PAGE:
The Royals’ offense is struggling.
Mandatory Credit: Denny Medley-USA TODAY Sports
This isn’t news to you. If you’ve paid attention at all this season, particularly over the last couple of weeks, you know that this team has difficulty scoring runs. This difficulty stems partly from not having enough power threats in the lineup. A team without a ton of power can still be productive, however, if they get on base frequently enough to have more opportunities to drive in runs with singles and doubles. It’s tougher than hitting home runs, but it can work. The problem with this strategy is that Royals’ hitters are apparently allergic to taking walks, as they currently have the fewest walks in the league. This isn’t a new trend, of course. Finishing at or near the bottom of the league in that category is as much of a Kansas City tradition as eating barbecue. Since 2000, here is where the Royals have ranked in walks in the AL: 14, 14, 8, 9, 13, 12, 10, 13, 14, 13, 9, 11, 14.
In the previous 13 seasons, the Royals have finished in the bottom 2 in walks in the American League 7 times. Seven. That’s over half the time. That’s bad.
For whatever reason, this organization doesn’t value walks. They are seemingly unable to recognize the fact that getting on base is a very important skill. Scoring runs is literally impossible to do without reaching base. Trust me, I’ve done the math. When hits aren’t falling, having the ability to draw a walk can still be relied upon to kickstart an offense. Plus, drawing walks is great for reasons other than just getting more players on base and in position to score. Drawing a walk means the pitcher threw at least 4 pitches in that plate appearance, which can drive pitch counts up faster, which can get starting pitchers out of the game sooner. Typically, getting into the opponent’s bullpen earlier is going to be very helpful in coming out of the game with a victory. Also, when a player works a count and sees more pitches, that player will normally start to have a better idea of what kind of stuff the pitcher has, and his teammates may be able to learn about the pitcher’s tendencies and patterns. Having more data on a pitcher can lead to being ready for better pitches to hit, which can lead to more extra base hits. Similarly, when a pitcher gives up a walk, he may be more inclined to stay around the plate more, which will give the next batter more pitches he can drive. Generally speaking, the strategy is simple:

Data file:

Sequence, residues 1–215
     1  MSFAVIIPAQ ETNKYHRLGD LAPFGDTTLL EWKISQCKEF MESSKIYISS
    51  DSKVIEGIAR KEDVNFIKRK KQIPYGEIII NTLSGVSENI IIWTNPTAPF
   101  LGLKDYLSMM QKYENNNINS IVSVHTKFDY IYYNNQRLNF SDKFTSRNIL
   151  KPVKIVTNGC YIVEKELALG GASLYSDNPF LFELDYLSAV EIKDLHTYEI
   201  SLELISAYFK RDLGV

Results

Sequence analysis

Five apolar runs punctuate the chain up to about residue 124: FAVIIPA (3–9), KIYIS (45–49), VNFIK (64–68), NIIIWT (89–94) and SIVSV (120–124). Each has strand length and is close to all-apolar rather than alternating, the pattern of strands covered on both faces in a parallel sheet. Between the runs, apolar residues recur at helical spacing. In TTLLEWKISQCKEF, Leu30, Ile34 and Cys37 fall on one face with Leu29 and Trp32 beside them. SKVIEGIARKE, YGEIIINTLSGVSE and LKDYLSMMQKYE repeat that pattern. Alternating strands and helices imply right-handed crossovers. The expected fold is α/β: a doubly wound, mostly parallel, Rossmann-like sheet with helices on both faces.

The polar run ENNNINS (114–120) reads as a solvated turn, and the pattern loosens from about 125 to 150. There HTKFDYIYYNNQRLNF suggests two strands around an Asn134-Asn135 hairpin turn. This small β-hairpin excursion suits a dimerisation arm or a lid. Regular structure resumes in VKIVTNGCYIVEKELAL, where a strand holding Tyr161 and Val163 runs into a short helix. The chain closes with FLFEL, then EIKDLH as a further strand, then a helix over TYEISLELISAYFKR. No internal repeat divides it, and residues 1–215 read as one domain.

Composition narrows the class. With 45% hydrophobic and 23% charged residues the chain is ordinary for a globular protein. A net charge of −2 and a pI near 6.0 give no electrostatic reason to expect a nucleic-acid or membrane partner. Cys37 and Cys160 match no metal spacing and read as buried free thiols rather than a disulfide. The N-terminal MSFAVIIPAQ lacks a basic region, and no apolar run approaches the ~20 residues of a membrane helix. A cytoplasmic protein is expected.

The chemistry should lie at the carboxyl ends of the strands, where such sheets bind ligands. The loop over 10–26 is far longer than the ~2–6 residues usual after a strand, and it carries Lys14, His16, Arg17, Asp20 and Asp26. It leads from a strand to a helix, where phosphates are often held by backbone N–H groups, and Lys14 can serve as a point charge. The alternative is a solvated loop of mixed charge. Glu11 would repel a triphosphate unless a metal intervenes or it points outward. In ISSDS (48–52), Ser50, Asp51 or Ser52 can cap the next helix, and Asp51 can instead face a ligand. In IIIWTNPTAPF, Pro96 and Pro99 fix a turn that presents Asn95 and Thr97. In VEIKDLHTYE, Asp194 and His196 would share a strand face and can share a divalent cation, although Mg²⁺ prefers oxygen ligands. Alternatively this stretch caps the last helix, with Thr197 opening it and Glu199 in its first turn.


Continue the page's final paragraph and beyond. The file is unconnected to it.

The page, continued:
See more pitches. Work more counts. Hit more home runs. Draw more walks. Score more runs.
It isn’t foolproof, of course. The Royals have actually seen more pitches per plate appearance in their losses (3.85) than in their wins (3.72) this season. Granted, that isn’t a huge difference, and I would expect that trend to reverse at some point.
When it comes to walks, there is a much more significant difference. In the Royals’ 21 wins, they have drawn 2.95 walks per game, while scoring 6.14 runs per game. In their 22 losses, the walks per game average drops to 2.09, and the runs per game average drops all the way down to 2.5.
It doesn’t take a complex sabermetric formula to see that those numbers are staggering. One would think that someone in the front office would have noticed the correlation by now: As walk numbers rise, runs scored will typically rise, too.
To be fair, Ned Yost did hold a meeting last week to address the team’s patience, or lack thereof. It’s still too early to say for sure if it was effective, but in the 7 games since that meeting, the Royals have drawn 25 walks (9 in the 2 wins, 16 in the 5 losses). In that small sample size, the Royals have only scored 27 runs (16 in the 2 wins, 11 in the 5 losses). The overall numbers are improved, but, in short, the pattern still holds: The team is drawing fewer walks and scoring fewer runs in losses than in wins.
In order for this offense to get going, moves are going to need to be made. Some moves may be difficult for the organization to make, for whatever internal reasons, so even if the necessary roster changes aren’t made, this team needs to start hitting for more power, or at the very least, start drawing more walks. They can’t go much longer using the current strategy if they still have aspirations of playing meaningful baseball in August and September.